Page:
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Why Bitcoin just smashed upwards to rise over 15% in an hour

Posted: 2 April 2019 6:36 pm
News

Bitcoin swung the hammer and rang the bell on $5,000. Let's see who predicted this?

Bitcoin prices have abruptly spiked, rising around 15% in an hour flat to a new four month high.

Picture not described: bitcoin-spike-snip.jpg Image: Getty

The rest of the cyptocurrency markets followed suit shortly afterwards, but unusually for the cryptocurrency markets, Bitcoin itself is leading the pack, and outpacing the rest of the market with its rise.

The abrupt move has market-watchers wondering; is Bitcoin back?

Bitcoin 101: Complete buyer's guide.

Why Bitcoin just rose so fast

Some analysts believe the massive movement was caused by organic market forces, and were predicting a rise in volatility on the road ahead, even before the rise hit. This expectation was based on the fact that Bitcoin has been quietly broaching and then sustaining key support levels in the months ahead without any drastic moves.

If you pull back a bit and look at the last month, you can see that Bitcoin has been patiently climbing to new support levels over the last few weeks.

Picture not described: bitcoin-prespike-month-snip.jpg Image: Getty

As the theory goes, over the last month Bitcoin has managed to sustain itself at above $4,000, and the precursor for this move arrived around 29 March when Bitcoin comfortably rose above the key support level of $4,100 and then stayed there without any dramatic moves either way.

This tight trading range set the stage for a big move in either direction, kind of like a slow build-up of pressure. No one was entirely sure which way it could have gone, but in this case it went up.

In this sense, the big question isn't why Bitcoin's moving, but why it's moving so much, and what make it go up instead of down.

Why up and not down?

What little historical precedent there is says the next big move for Bitcoin should be upwards. In that context, it's not entirely unexpected to see Bitcoin popping like a champagne cork after this kind of pressure build-up.

Basically, the Bitcoin markets have been acting in a weird, yet comfortingly familiar way in the last couple of months. Specifically, it's formed an uncanny replica of the markets of 2015, from right before Bitcoin began its momentous rise to the 2017 highs.

There are lots of reasons for sentiment to skew to the optimistic here.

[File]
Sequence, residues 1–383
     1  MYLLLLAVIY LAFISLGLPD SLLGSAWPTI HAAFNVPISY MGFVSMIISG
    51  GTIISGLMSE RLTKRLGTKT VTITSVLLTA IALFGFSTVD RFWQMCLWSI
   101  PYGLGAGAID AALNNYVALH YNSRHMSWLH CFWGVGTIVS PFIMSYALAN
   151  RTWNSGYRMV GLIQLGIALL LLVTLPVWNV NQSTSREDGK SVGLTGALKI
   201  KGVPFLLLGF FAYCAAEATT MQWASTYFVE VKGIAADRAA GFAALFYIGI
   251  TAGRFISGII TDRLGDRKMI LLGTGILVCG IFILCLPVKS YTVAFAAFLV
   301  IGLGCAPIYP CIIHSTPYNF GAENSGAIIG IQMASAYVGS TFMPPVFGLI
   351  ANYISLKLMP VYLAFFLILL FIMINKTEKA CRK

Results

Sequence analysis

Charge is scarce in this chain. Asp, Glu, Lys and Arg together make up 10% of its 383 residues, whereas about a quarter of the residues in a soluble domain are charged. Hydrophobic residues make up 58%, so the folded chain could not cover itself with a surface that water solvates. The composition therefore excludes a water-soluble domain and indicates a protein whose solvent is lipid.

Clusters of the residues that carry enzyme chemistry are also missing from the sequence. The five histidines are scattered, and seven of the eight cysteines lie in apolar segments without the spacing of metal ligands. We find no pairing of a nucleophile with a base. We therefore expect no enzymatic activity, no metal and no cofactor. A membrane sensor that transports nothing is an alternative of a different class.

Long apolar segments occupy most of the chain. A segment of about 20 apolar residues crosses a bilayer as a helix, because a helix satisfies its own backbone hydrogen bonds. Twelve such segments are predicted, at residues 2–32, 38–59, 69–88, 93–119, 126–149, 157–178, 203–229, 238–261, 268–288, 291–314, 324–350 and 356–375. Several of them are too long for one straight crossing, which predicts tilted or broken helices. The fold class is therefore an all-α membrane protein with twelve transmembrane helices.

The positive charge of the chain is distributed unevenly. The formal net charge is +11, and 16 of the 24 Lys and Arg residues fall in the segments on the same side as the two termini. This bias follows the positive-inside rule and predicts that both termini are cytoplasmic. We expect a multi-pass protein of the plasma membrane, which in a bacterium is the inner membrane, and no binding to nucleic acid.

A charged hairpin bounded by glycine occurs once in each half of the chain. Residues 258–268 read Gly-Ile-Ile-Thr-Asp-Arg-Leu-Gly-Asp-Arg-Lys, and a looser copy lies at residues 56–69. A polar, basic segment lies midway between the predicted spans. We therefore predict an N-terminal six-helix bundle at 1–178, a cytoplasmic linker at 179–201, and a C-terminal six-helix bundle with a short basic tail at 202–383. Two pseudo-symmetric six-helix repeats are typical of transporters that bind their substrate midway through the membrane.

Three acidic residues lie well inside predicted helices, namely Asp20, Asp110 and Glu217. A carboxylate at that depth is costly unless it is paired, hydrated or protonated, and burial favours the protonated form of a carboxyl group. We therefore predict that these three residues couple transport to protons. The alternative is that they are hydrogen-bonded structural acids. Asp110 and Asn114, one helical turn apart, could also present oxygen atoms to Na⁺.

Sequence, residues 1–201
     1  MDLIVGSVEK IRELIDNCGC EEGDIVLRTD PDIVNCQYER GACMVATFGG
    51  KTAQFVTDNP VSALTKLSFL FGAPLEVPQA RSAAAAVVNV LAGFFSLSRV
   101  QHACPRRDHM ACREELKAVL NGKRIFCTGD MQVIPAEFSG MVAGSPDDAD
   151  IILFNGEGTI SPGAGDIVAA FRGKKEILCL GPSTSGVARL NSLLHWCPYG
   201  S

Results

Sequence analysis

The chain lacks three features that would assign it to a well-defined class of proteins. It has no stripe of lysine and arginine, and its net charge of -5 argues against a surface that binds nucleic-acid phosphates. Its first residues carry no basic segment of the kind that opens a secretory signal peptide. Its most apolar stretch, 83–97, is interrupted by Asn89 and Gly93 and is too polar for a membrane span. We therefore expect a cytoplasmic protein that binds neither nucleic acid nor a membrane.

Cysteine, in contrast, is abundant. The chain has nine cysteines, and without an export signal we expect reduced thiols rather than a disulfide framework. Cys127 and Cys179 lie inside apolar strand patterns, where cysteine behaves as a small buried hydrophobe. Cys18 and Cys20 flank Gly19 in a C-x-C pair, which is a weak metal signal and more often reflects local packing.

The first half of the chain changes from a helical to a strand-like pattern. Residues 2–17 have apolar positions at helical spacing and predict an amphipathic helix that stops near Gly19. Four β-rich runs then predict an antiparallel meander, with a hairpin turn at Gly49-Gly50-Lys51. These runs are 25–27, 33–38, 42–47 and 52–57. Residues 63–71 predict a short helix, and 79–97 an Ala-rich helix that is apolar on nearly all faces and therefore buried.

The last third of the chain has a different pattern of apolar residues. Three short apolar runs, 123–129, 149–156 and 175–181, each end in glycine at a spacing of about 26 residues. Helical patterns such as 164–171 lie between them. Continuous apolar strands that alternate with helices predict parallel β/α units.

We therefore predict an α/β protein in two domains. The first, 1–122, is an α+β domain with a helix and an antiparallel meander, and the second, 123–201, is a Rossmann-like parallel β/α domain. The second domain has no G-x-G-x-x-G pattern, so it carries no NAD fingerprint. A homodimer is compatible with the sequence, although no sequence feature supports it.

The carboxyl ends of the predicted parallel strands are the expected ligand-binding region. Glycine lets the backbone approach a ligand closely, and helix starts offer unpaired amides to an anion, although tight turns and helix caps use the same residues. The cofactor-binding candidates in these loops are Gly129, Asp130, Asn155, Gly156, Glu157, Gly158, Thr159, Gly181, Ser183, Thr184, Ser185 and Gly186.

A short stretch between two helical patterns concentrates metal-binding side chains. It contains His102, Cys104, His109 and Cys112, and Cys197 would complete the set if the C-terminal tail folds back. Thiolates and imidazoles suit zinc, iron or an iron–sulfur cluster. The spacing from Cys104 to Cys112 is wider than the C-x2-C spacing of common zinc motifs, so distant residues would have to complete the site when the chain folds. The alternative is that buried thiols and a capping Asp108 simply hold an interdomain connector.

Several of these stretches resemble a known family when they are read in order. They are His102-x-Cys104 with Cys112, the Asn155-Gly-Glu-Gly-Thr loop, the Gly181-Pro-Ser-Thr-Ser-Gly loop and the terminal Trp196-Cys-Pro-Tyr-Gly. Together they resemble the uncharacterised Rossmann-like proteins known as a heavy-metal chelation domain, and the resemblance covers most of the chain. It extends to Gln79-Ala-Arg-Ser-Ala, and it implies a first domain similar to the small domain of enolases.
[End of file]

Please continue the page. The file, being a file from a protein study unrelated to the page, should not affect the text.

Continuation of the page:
So with that in mind, what made the rise hit so hard and so fast?

Why so fast?

One part of the theory might be that it's due to the turn of the month. By ending March on a high note, above that $4,100 support level, there may have been a higher degree of confidence in Bitcoin than you'd get at other times.

The rise itself may have been accentuated by a good old fashioned short squeeze.

This is basically when a wave of buying pressure comes in to raise prices, which liquidates short positions. As those short positions are liquidated they fuel the rise further, which in turn fuels more buying, which liquidates more shorts and so on. In certain situations this can result in momentous rises in very short timeframes. It looks like that's what happened here.

Or maybe some big money traders were taken in by an April Fools Day article announcing the go-ahead of Bitcoin ETFs. If nothing else, that would explain why Bitcoin outpaced the rest of the markets in the rise.



Disclosure: The author holds ETH at the time of writing.

Disclaimer: This information should not be interpreted as an endorsement of cryptocurrency or any specific provider, service or offering. It is not a recommendation to trade. Cryptocurrencies are speculative, complex and involve significant risks – they are highly volatile and sensitive to secondary activity. Performance is unpredictable and past performance is no guarantee of future performance. Consider your own circumstances, and obtain your own advice, before relying on this information. You should also verify the nature of any product or service (including its legal status and relevant regulatory requirements) and consult the relevant Regulators' websites before making any decision. Finder, or the author, may have holdings in the cryptocurrencies discussed.

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